What is a Geographic Information System?

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  • Written By: Troy Holmes
  • Edited By: W. Everett
  • Last Modified Date: 14 January 2020
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Visual mapping systems provide digital maps and logistical directions on cell phones, smart portable devices, and many car audio systems. The geographic information system (GIS) is the software that graphically presents the visual mapping information. These systems require access to data storage devices that hold a vast array of address locations and photographs throughout the world.

Many smart phones have integrated GIS applications into Internet search engines. This provides an enhanced experience for smart phones because many search results now include directions to the returned location. This integration of search results and a geographic information system demonstrates the power of this technology.

One example of the use of these integrated GIS applications is with the sports of mountain biking and hiking. These sports typically require an individual to explore areas that are not well mapped into standard maps. Historically this type of sport requires manual maps and a compass. Today there are several geographic systems designed for the outdoors sportsman. This geographic information system provides advanced features including current location, route, and estimated time to destination.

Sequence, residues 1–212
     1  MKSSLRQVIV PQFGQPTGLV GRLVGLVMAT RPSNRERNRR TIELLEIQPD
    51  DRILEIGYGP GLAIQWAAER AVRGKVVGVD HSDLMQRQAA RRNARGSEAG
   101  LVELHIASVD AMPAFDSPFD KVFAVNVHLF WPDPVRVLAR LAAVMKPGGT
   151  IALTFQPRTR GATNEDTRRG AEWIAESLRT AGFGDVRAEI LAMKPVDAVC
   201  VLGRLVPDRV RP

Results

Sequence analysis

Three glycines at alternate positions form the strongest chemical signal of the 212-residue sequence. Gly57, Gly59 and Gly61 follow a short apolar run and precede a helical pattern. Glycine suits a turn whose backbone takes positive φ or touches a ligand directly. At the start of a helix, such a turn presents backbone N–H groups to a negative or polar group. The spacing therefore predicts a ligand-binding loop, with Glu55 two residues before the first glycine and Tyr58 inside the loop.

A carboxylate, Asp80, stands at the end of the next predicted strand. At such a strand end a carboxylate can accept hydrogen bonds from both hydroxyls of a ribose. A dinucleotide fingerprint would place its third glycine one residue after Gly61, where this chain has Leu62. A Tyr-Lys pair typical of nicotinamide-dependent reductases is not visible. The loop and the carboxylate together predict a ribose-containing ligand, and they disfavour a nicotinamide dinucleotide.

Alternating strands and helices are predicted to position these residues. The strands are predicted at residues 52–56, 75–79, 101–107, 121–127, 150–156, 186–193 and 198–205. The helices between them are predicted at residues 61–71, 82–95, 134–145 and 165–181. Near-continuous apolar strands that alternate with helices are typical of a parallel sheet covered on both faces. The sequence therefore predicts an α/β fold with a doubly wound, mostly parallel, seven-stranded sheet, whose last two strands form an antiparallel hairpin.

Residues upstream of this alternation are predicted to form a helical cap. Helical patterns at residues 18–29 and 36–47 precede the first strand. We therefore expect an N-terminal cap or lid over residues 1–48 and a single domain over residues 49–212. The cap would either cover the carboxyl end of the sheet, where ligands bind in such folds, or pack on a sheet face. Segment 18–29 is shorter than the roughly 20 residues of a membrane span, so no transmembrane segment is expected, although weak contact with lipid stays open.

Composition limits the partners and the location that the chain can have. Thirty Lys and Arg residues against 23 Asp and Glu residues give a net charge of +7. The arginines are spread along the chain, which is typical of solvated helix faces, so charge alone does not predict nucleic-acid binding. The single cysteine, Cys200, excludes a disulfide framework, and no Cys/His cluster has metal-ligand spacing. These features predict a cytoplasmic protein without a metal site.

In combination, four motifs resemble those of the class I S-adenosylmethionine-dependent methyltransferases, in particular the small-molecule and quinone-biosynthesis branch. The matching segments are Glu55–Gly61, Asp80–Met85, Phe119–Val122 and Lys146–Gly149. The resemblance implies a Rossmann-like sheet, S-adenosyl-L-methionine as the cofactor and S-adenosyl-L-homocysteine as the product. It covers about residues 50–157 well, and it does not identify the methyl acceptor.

A geographic information system is critical for modern military operations. This software provides military commanders with critical information on terrain, enemy locations and potential ambush opportunities. In the past military commanders planned command and control operations based on data provided by scouts. With geographic information systems commanders can better plan for future movement without risking the lives of scouts.


Geographic information systems are not limited to physical address. They can also be programmed to document physical points of interest. Each point of interest is stored in GIS applications as a latitude and longitude coordinate. With this feature, physical location points can be mapped into visual mapping systems. These points of interest can be any simple physical objects including trees, roads, or buildings. Many GIS applications allow the mapping of desolate areas in the desert or dense forest.

Portable GIS systems are also available for boats, which can be used for fishing trips. A fisherman can upload specific fishing locations with coordinates into the GIS system. This information can be used on a return trip, which makes pinpointing the exact location of prior fishing areas easier.

Satellite and location-specific photography are available with an advanced geographic information system. This provides a three-dimensional view of a streets and building locations. Many Internet-based mapping systems actually show pictures of streets that can be navigated with computer keyboards. This gives the user an experience of actually walking through the streets of a city or town.


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